Saving your ash
As the Emerald Ash Borer bears down, arborists fight to save trees.
Even with the ability to save trees, arborist John Stephenson of Stephenson Tree Care predicts the emerald ash borer will have a devastating impact on Wisconsin’s estimated 770 million ash trees.
Photographs by Alan Sanderfoot
(page 1 of 2)
From the pages of In Business magazine.
Arborists understand that fighting the dreaded emerald ash borer is a race against time. Sadly, the iridescent green bug has reached Wisconsin after a long trip from East Asia through Detroit, likely arriving in packing material. It was first discovered on U.S. soil in 2002 and in Wisconsin in 2008. In the Midwest, it is estimated that more than 50 million ash trees are either dead or dying as a result.
That’s why it was more disappointment than surprise when the insect was first discovered on Madison’s northeast side about three years ago. “We’d been preparing for it,” notes John Stephenson, owner of Stephenson Tree Care Inc. “It was in Illinois and worked its way up to Rockford, then Janesville, Milwaukee, Ozaukee, and Waukesha counties. So it was closing in.”
In Wisconsin, 42 of the state’s 72 counties are now quarantined, restricting the movement of hardwood in an effort to keep the bug at bay.
The devastating impact of the emerald ash borer on the state’s urban and rural forests has yet to be realized but the prognosis is frightening. “All untreated ash trees will die,” Stephenson states soberly. “Treated trees will survive.” Eventually, he predicts, the economic impact of a dying ash tree population will ravage timber-rich northern Wisconsin.
Stephenson earned a degree in forestry from UW–Madison and spent 13 years in graphic arts before going back to urban forestry. “It’s my connection to nature,” he says. He started his company in 2000 to focus on tree care, and the company also handles insect and disease diagnosis and treatment and Dutch Elm and Oak Wilt prevention.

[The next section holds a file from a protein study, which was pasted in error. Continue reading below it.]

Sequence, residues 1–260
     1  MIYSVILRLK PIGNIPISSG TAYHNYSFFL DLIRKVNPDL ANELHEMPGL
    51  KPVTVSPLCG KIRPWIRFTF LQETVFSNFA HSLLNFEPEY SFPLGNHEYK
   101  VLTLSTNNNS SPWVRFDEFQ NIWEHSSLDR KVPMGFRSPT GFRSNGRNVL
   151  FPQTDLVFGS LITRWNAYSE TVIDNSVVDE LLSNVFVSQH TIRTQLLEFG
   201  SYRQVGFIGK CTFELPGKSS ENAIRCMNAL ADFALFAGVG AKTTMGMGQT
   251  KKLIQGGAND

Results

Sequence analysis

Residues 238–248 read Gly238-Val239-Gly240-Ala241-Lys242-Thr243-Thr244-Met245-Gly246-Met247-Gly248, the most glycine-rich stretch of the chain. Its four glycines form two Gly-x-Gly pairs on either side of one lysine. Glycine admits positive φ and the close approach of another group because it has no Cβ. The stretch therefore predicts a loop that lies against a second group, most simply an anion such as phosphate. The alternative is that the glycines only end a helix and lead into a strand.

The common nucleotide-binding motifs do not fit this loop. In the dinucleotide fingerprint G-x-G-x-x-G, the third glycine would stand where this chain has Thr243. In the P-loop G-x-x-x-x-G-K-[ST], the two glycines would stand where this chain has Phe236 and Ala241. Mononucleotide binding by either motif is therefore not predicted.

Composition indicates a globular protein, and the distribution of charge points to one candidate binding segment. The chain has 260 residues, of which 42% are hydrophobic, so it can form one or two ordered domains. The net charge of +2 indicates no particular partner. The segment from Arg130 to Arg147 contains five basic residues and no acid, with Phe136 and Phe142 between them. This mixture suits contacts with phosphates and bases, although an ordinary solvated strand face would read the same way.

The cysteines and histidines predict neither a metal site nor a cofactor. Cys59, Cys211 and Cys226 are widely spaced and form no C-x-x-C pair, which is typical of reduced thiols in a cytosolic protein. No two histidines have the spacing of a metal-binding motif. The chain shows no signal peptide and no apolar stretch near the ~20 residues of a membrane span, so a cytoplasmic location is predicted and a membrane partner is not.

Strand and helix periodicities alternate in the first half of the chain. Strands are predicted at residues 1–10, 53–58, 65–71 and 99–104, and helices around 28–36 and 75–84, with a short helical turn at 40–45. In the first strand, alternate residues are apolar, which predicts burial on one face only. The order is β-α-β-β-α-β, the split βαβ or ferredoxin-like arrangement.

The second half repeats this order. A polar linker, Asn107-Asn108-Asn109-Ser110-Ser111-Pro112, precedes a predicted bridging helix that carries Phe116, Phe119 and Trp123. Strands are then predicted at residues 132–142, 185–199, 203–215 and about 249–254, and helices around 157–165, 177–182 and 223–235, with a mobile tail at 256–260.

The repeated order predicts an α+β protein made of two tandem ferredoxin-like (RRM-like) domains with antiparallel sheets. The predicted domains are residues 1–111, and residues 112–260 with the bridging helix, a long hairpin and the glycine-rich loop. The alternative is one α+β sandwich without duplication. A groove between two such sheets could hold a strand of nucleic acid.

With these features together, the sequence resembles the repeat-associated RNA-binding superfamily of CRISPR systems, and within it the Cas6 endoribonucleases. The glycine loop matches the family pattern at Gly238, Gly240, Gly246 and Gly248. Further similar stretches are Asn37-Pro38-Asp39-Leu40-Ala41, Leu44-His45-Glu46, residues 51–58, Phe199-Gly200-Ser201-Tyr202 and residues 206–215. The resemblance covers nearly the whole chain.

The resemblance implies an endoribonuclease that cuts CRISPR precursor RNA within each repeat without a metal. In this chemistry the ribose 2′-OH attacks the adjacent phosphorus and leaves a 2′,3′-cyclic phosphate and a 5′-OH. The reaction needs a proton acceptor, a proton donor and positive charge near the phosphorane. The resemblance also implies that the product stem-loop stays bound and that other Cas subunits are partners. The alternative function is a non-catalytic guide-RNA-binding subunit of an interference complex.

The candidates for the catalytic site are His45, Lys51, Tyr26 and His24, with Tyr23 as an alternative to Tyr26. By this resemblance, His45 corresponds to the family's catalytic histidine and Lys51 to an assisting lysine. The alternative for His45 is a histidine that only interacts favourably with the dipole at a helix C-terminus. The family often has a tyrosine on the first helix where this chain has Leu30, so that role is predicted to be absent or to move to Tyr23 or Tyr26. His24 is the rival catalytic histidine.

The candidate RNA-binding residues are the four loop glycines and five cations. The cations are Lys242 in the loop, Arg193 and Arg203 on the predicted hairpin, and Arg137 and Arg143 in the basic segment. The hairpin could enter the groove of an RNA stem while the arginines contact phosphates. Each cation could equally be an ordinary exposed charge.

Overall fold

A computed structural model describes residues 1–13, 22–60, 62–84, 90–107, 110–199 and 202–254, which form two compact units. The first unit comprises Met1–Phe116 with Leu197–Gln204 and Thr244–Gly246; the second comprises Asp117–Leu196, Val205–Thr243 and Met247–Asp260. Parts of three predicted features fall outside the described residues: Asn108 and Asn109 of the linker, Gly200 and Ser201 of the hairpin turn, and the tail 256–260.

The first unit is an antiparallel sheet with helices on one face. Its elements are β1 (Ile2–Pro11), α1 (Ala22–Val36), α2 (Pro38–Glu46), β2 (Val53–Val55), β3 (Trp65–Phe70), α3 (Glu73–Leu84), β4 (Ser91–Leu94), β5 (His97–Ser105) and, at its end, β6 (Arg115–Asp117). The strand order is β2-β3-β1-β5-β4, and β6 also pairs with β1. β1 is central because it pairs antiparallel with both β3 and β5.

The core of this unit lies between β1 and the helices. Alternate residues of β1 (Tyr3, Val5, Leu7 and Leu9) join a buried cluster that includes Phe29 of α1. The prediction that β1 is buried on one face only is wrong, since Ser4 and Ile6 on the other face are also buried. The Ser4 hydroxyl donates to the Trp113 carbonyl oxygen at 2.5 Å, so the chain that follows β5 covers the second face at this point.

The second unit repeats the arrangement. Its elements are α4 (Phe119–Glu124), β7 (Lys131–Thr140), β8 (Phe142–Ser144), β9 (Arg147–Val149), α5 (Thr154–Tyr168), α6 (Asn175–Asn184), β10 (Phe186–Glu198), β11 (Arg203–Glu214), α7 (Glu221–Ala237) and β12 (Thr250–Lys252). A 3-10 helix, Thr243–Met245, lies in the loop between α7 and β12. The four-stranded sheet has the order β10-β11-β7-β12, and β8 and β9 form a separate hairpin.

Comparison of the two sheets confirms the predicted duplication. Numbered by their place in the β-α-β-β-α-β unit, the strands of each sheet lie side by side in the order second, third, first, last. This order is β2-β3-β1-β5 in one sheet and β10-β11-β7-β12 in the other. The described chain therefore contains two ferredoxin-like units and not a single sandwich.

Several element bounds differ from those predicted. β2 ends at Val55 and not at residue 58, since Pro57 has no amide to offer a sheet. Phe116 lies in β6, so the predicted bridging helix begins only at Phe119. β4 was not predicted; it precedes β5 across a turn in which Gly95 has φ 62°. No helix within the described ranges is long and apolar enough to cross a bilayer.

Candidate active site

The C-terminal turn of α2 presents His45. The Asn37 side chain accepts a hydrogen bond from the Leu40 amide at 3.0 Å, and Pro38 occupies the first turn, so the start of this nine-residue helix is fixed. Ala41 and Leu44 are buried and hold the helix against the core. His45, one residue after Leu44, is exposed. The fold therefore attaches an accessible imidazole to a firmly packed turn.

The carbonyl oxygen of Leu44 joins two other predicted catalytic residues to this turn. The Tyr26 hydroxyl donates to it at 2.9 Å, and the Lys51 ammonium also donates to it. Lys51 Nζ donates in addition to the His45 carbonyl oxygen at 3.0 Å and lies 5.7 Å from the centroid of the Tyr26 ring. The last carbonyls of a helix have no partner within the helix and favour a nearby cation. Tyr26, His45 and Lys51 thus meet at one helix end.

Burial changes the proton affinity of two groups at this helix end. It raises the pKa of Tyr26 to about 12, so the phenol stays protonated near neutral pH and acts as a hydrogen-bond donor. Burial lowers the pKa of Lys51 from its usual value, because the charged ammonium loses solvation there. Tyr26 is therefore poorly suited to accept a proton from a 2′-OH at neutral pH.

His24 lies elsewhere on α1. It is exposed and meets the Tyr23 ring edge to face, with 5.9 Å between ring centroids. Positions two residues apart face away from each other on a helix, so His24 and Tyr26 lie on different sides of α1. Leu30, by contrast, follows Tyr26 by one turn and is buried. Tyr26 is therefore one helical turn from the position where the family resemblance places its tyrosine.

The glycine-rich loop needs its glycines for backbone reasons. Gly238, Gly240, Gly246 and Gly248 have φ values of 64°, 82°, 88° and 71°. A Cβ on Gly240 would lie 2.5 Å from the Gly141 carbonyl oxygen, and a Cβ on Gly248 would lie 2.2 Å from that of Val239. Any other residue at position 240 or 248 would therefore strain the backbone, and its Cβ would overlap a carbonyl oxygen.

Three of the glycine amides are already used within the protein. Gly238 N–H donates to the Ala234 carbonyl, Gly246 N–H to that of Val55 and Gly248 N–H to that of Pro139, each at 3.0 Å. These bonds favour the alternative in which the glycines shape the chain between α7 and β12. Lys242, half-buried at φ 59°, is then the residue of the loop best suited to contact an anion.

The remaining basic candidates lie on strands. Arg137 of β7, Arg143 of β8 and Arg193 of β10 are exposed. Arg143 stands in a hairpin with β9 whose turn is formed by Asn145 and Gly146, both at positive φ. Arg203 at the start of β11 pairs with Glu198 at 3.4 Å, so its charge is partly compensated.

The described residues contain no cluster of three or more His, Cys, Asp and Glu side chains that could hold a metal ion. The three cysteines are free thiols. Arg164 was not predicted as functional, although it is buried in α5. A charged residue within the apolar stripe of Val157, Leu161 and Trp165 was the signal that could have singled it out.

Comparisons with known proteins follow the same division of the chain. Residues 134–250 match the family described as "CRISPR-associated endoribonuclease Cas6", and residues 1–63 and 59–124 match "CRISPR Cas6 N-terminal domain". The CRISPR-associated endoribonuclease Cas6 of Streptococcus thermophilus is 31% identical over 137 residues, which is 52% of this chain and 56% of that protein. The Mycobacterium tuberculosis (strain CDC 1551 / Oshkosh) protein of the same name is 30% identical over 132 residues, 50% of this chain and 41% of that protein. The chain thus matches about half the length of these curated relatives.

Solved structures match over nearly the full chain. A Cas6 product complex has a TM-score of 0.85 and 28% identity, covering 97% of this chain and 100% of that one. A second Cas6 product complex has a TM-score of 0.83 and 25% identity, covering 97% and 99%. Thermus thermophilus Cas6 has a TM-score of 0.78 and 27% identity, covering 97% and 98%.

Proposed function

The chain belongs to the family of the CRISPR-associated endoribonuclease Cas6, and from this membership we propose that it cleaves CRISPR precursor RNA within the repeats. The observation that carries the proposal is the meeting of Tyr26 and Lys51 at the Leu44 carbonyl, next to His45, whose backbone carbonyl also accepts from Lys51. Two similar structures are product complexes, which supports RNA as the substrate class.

He employs six workers including four certified arborists who handle all aspects of tree and shrub care and maintenance in the Dane County area, but the emerald ash borer is increasingly occupying company time.
A game changer
“For most companies, EAB is a game-changer,” he says. “Tree companies will begin focusing on tree removals, and there will be so much ash coming down that we’ll need more companies to handle it,” he predicts. “The City of Madison is managing 16,000 ash trees along its boulevards. We don’t know how many are in Madison’s backyards, but I bet it could exceed that number tenfold.”
One customer on the northeast side opted not to treat his trees. “It was remarkable,” Stephenson recalls. “We pruned them at the beginning of the summer and didn’t notice any indication of EAB — and we know what to look for! The trees looked great but six months later they were all dead. That’s how fast these insects work.”
The problem is that EABs have no predators. “They can run free range and free will and not have birds or other insects to keep them in check.”
Ash trees are treated one by one and Stephenson usually treats those 12-inches in diameter and larger through injection. Younger trees can be treated systemically through the ground, he explains, but treating entire forests is virtually impossible. Besides that, the Environmental Protection Agency limits the amount of chemical allowed per acre.
September is the tail end of the EAB season because trees need their leaves in order to be treated, he explains. On this visit, he will treat three ash trees in a west side backyard.
He begins at the first tree, which has a diameter of about 18-inches. Per the chemical manufacturer’s recommendations, Stephenson drills eight, equally spaced holes around the tree’s base. “It’s an invasive procedure, but it does not harm the tree,” he promises. A plug is inserted into each hole through which the tree will receive a chemical injection of a restricted-use pesticide called TREE-äge. The chemical’s success in battling the dreaded green beetle has been widely heralded.